|Author:||Kayla Rae Whitaker|
"A wildly original novel that pulses with heart and truth . . . That this powerful exploration of friendship, desire, ambition, and secrets manages to be ebullient, gripping, heartbreaking, and deeply deeply funny is a testament to Kayla Rae Whitaker's formidable gifts. I was so sorry to reach the final page. Sharon and Mel will stay with me for a very long time."--Cynthia D'Aprix Sweeney, author of The Nest
ONE OF THE BEST DEBUT NOVELS OF THE YEAR--Entertainment Weekly
ONE OF THE BEST BOOKS OF THE YEAR--NPR, Kirkus Reviews, BookPage
She was the first person to see me as I had always wanted to be seen. It was enough to indebt me to her forever.
In the male-dominated field of animation, Mel Vaught and Sharon Kisses are a dynamic duo, the friction of their differences driving them: Sharon, quietly ambitious but self-doubting; Mel, brash and unapologetic, always the life of the party. Best friends and artistic partners since the first week of college, where they bonded over their working-class roots and obvious talent, they spent their twenties ensconced in a gritty Brooklyn studio. Working, drinking, laughing. Drawing: Mel, to understand her tumultuous past, and Sharon, to lose herself altogether.
Now, after a decade of striving, the two are finally celebrating the release of their first full-length feature, which transforms Mel's difficult childhood into a provocative and visually daring work of art. The toast of the indie film scene, they stand at the cusp of making it big. But with their success come doubt and destruction, cracks in their relationship threatening the delicate balance of their partnership. Sharon begins to feel expendable, suspecting that the ever-more raucous Mel is the real artist. During a trip to Sharon's home state of Kentucky, the only other partner she has ever truly known--her troubled, charismatic childhood best friend, Teddy--reenters her life, and long-buried resentments rise to the surface, hastening a reckoning no one sees coming.
A funny, heartbreaking novel of friendship, art, and trauma, The Animators is about the secrets we keep and the burdens we shed on the road to adulthood.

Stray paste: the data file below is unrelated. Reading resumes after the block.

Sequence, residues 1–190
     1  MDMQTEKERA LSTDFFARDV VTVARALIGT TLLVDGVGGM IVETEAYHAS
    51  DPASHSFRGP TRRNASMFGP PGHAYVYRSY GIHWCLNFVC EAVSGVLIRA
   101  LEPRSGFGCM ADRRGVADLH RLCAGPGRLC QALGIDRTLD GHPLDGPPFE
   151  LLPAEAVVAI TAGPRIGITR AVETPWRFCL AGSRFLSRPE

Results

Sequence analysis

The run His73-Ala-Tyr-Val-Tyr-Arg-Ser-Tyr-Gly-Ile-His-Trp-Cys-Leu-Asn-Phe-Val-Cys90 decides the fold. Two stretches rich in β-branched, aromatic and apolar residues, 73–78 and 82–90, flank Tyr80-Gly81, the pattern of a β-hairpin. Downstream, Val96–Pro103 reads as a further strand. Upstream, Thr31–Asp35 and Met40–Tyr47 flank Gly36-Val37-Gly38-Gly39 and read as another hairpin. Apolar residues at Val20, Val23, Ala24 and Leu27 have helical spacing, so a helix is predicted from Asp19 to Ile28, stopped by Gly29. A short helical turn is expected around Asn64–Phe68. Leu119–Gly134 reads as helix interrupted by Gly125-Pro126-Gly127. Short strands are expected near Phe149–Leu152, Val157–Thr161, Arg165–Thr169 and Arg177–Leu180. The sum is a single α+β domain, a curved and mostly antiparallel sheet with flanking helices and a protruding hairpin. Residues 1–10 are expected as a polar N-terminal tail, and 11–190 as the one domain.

"Suffused with humor, tragedy and deep insights about art and friendship."--People
" A] stunning debut."--Variety
"A compulsively readable portrait of women as incandescent artists and intimate collaborators."--Elle
'An engrossing, exuberant ride through all the territories of love - familial, romantic, sexual, love of friends, and, perhaps above all, white-hot passion for the art you were born to make ... I wish I'd written The Animators.' - Emma Donoghue, author of Room and The Wonder;'The Animators is a heartbreakingly beautiful, sharply funny, arrestingly unforgettable novel about love and genius, the powerful obsessiveness of artistic creation, and the equally powerful undertow of the past. Kayla Rae Whitaker writes like her head is on fire.' - Kate Christensen, PEN/Faulkner Award-winning author of The Great Man;'Every artist must come from somewhere; this is something you try to outrun, even as home fuels the creative engine. The Animators is a novel about a pair of cartoonists, but it's also about the complexity of creative friendship, about balance and jealousy, growing into yourself and living with your talent and trying to actually, impossibly get along in this cracked and unjust world. The result is unapologetic and raucous and compulsively readable; it is potato-chip-friendly and deeply, generously wise.' - Charles Bock, author of Alice & Oliver;'[An] outstanding debut ... Whitaker skillfully charts the creative process, its lulls and sudden rushes of perfect inspiration. And in the relationship between Mel and Sharon, she has created something wonderful and exceptional: a rich, deep, and emotionally true connection that will certainly steal the hearts of readers.' - Publishers Weekly (starred review);'A wildly original novel that pulses with heart and truth. That this powerful exploration of friendship, desire, ambition and secrets manages to be ebullient, gripping, heartbreaking, and deeply, deeply funny is a testament to Whitaker's formidable gifts. I was so sorry to reach the final page and Sharon and Mel will stay with me for a very long time.' - Cynthia D'Aprix Sweeney, author of The Nest;'A compulsively readable portrait of women as incandescent artists and intimate collaborators.' - Elle;'An exquisite portrait of a life-defining partnership ... [The Animators] creeps up on you and then swallows you whole.' - Kirkus (starred review)